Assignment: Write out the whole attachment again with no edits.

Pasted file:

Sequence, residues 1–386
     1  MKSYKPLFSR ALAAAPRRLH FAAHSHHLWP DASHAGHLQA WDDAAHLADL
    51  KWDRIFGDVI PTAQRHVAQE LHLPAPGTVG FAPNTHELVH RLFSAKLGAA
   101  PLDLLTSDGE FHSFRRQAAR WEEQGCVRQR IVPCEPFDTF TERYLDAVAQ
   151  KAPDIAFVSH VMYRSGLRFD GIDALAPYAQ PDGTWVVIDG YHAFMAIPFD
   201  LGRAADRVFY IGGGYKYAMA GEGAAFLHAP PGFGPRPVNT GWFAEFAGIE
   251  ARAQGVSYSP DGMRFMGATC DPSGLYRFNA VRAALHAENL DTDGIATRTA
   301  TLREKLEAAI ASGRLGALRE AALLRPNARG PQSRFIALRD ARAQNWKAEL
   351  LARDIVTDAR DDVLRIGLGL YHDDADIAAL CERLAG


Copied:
Sequence, residues 1–386
     1  MKSYKPLFSR ALAAAPRRLH FAAHSHHLWP DASHAGHLQA WDDAAHLADL
    51  KWDRIFGDVI PTAQRHVAQE LHLPAPGTVG FAPNTHELVH RLFSAKLGAA
   101  PLDLLTSDGE FHSFRRQAAR WEEQGCVRQR IVPCEPFDTF TERYLDAVAQ
   151  KAPDIAFVSH VMYRSGLRFD GIDALAPYAQ PDGTWVVIDG YHAFMAIPFD
   201  LGRAADRVFY IGGGYKYAMA GEGAAFLHAP PGFGPRPVNT GWFAEFAGIE
   251  ARAQGVSYSP DGMRFMGATC DPSGLYRFNA VRAALHAENL DTDGIATRTA
   301  TLREKLEAAI ASGRLGALRE AALLRPNARG PQSRFIALRD ARAQNWKAEL
   351  LARDIVTDAR DDVLRIGLGL YHDDADIAAL CERLAG